As uter­ine race with Ab­b­Vie heats up, My­ovant eyes FDA ap­proval with tri­al re­sults from prostate can­cer

My­ovant has long had a se­cret weapon in its uter­ine ri­val­ry with Ab­b­Vie: Men.

Lynn Seely My­ovant

While the small Swiss biotech has jock­eyed with the Illi­nois-based gi­ant for a foothold in the en­dometrio­sis and uter­ine fi­broid ther­a­py mar­ket, the com­pa­ny has been de­vel­op­ing the same lead com­pound, re­l­u­golix, for use in one of the most com­mon can­cers for the uterus-less: prostate can­cer. To­day, My­ovant is out with pos­i­tive topline re­sults from its big Phase III tri­al on the go­nadotropin-re­leas­ing hor­mone (GnRH) an­tag­o­nist. They say they’ve reached every pri­ma­ry and sec­ondary end­point with p val­ues less than .0001.

“It works quick­ly,” CEO Lynn Seely told End­points News. “It’s an oral pill and it sup­press­es hor­mone pro­duc­tion and when you stop it, your hor­mones come back and you have the po­ten­tial for im­proved qual­i­ty of life.”

My­ovant’s stock is up 95% pre­mar­ket, from $6.06 to $11.80 per share

The tri­al test­ed a re­l­u­golix arm along­side a stan­dard-of-care, le­upro­lide, arm in their abil­i­ty to sup­press testos­terone in pa­tients with ad­vanced prostate can­cer. Testos­terone fu­els prostate can­cer’s growth. The pri­ma­ry end­point was the per­cent­age of men who reached and main­tained med­ical cas­tra­tion, or less than 50 nanograms of testos­terone per deciliter, over 48 weeks.

Re­l­u­golix achieved that in 96.7% of pa­tients — safe­ly clear­ing the FDA’s stat­ed bench­mark for ap­proval of 90%, Seely said. For Japan­ese and Eu­ro­pean ap­proval, they need­ed to show non-in­fe­ri­or­i­ty and did so, with their le­upro­lide arm show­ing on­ly an 88% re­sponse rate.

The re­sults set up an FDA ap­pli­ca­tion in Q2 of 2020 and Eu­ro­pean and Japan­ese ap­pli­ca­tions short­ly there­after, adding to the com­pa­ny’s im­mi­nent US ap­pli­ca­tion for uter­ine fi­broid ther­a­py.

The un­der­ly­ing mech­a­nism be­hind the two ther­a­pies is es­sen­tial­ly in­versed. Le­upro­lide is a GnRH ag­o­nist and de­sen­si­tizes the re­cep­tor by hit­ting it re­peat­ed­ly. Re­l­u­golix blocks it di­rect­ly.

My­ovant’s pitch cen­ters around the speed at which the drug worked, its pill form — rather than le­upro­lide, which is in­ject­ed every three months — and the ta­per­ing of some side ef­fects, which can be lengthy when it comes to testos­terone sup­pres­sion, in­clud­ing hot flash­es, fa­tigue, loss of mus­cle mass, sex­u­al dys­func­tion and de­pres­sion. Doc­tors have some­times giv­en “drug hol­i­days” to man­age the clin­i­cal ben­e­fit against the costs.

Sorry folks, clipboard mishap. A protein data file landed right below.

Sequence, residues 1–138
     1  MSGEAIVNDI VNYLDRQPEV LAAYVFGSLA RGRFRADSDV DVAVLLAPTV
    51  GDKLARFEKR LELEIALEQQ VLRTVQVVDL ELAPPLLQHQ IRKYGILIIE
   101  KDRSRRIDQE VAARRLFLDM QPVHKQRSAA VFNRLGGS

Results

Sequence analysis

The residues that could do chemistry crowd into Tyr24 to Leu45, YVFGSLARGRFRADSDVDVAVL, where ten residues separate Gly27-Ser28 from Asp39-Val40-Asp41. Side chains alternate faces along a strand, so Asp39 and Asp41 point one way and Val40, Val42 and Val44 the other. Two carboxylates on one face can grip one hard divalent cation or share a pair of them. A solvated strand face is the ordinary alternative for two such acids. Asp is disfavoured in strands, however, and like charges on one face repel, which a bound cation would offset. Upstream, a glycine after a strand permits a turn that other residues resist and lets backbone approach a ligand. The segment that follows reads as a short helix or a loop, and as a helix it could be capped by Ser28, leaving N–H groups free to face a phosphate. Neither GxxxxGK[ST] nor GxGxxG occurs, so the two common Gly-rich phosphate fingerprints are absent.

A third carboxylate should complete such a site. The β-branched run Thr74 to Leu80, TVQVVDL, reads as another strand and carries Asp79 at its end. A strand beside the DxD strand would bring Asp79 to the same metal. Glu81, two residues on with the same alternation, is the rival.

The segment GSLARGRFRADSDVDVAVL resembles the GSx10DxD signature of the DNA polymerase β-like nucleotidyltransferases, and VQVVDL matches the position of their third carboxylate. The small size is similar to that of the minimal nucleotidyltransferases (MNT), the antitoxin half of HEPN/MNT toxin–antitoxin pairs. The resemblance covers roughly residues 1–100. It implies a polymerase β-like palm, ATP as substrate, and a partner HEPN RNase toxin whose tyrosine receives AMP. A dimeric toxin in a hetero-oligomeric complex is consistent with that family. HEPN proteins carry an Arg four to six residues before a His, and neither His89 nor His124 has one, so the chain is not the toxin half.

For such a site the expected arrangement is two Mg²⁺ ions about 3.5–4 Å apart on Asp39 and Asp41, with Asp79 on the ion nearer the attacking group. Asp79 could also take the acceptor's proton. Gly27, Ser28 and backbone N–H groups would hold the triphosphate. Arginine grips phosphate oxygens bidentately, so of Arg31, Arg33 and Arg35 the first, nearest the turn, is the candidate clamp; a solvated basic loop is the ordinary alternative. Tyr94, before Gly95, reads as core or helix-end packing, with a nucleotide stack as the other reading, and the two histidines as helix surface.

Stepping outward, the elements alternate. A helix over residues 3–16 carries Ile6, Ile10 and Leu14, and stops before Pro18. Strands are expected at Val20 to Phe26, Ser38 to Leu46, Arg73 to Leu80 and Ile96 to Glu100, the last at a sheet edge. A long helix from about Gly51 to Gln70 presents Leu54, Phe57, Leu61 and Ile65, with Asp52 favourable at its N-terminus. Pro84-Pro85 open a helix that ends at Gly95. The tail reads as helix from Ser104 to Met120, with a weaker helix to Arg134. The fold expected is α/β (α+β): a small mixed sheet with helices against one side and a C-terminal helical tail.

“Low­er­ing the testos­terone is bet­ter for treat­ing prostate can­cer,” Seely said. “But it’s not great for the man.”

The ad­verse event ra­tio for both drugs was around 93%, but Seely not­ed a low­ered rate of ma­jor car­dio­vas­cu­lar events in the re­l­u­golix group, 2.9% com­pared to 6.2%. The biotech al­so said hor­mone lev­els re­turned to nor­mal 90 days af­ter treat­ment in the re­l­u­golix group while some­times re­main­ing re­duced at that point or longer for le­upro­lide pa­tients — al­though they did not an­nounce spe­cif­ic num­bers.

So why isn’t Ab­b­Vie, My­ovant’s uter­ine ri­val, pur­su­ing a prostate treat­ment? Seely’s best guess is that it’s be­cause Ab­b­Vie’s GnRH an­tag­o­nist’s half-life is much short­er than My­ovant’s. Ab­b­Vie re­quires high­er dos­es in their uter­ine treat­ments than My­ovant gives — which would mean even high­er dos­es in the prostate ther­a­pies, she said.

The ques­tion, though, is if le­upro­lide is still large­ly ef­fec­tive and the side ef­fects most­ly the same, will doc­tors pre­scribe a new pill in­stead?

“I think the biggest con­cern is that le­upro­lide … has been in the field for decades,” she said. “Some peo­ple ques­tion if on­col­o­gists and urol­o­gists will change their prac­tice.”

Rev­o­lu­tion Med shoots for $100M+ IPO — and di­vulges some se­crets about that Warp Dri­ve buy­out

Biotech investors who like to wager on the race to the front of the KRAS market now have a new team to consider.

Revolution Medicines, which extended its reach on RAS with a deal to acquire Warp Drive Bio about 18 months ago, filed their S-1 in search of $100 million-plus. And they gave up a few secrets in the process.

The main clinical claim to fame that Revolution has centers on the SHP2 inhibitor RMC-4630, partnered with Sanofi back in the summer of 2018 — just after John Reed was named the incoming R&D chief. We already knew that the pharma giant handed over $50 million in cash plus a commitment of hundreds of millions more to align itself with Revolution as it makes a fresh foray into oncology. Now we know that Sanofi is also footing 80% of Revolution’s R&D bill on the program, while setting up a smorgasbord of $235 million in development milestones and $285 million in commercial bonuses.

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Turn­ing the cor­ner on treat­ing the root cause of sick­le cell dis­ease

Early in my career, as a medical resident, I saw first-hand the enormous challenges faced by children and adults with sickle cell disease (SCD), a genetic blood disorder that historically has lacked adequate treatment options. People living with this life-long disease are mainly those with ancestors from sub-Saharan Africa, as well as people of Hispanic, South Asian, Southern European and Middle Eastern descent. These patients suffer from devastating physical symptoms, including progressive, eventually fatal, organ damage and excruciating pain. In addition, they encounter emotional, mental and social burdens – non-physical aspects of living with SCD that also take a serious toll on patients and their caregivers.

Olivier Brandicourt, AP Images

#JPM20 ex­clu­sive: Olivi­er Brandi­court fol­lows the Big Phar­ma CEO path to pri­vate eq­ui­ty, join­ing Black­stone ahead of a mam­moth fund de­but

Nick Galakatos Blackstone

Seven months after Olivier Brandicourt’s surprise “early retirement” from Sanofi, he’s back in the game, this time taking meetings at JP Morgan to discuss his new role at Blackstone, where he’s quietly begun work with Nick Galakatos and the life sciences crew.